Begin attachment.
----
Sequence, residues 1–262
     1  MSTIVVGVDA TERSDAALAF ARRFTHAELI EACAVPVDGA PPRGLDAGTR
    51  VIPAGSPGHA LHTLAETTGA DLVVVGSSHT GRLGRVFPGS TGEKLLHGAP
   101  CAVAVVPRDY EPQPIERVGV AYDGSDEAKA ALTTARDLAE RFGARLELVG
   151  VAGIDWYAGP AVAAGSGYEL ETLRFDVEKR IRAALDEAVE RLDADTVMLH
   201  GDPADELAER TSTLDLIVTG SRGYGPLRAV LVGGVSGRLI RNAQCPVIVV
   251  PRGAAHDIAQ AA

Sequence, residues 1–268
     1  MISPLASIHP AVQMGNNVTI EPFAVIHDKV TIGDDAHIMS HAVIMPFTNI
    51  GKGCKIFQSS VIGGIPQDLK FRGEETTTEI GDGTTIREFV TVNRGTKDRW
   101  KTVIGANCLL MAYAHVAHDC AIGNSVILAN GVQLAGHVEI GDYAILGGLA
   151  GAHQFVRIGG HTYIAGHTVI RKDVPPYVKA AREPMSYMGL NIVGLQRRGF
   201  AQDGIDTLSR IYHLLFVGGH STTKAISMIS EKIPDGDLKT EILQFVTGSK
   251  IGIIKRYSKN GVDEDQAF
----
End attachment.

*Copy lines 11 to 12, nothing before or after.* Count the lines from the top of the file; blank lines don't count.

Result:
   101  KTVIGANCLL MAYAHVAHDC AIGNSVILAN GVQLAGHVEI GDYAILGGLA
   151  GAHQFVRIGG HTYIAGHTVI RKDVPPYVKA AREPMSYMGL NIVGLQRRGF